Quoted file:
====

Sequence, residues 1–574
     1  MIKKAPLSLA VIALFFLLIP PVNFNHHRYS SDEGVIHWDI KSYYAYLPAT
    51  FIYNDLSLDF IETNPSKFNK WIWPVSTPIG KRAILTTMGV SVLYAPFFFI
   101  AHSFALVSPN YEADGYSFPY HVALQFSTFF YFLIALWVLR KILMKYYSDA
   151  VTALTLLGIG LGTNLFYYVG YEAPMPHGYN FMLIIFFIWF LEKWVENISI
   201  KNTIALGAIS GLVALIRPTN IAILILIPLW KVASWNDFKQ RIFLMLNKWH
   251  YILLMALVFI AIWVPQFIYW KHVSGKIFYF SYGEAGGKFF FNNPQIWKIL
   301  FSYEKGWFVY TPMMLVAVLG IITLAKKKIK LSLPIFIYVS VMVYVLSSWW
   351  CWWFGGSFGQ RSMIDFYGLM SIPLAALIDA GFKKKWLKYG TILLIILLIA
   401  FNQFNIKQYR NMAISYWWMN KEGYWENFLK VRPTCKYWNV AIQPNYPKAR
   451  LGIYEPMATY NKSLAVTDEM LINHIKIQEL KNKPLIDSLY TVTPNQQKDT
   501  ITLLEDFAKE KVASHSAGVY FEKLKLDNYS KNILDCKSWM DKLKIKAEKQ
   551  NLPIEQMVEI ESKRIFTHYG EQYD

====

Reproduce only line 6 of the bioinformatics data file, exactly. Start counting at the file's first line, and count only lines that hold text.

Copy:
   201  KNTIALGAIS GLVALIRPTN IAILILIPLW KVASWNDFKQ RIFLMLNKWH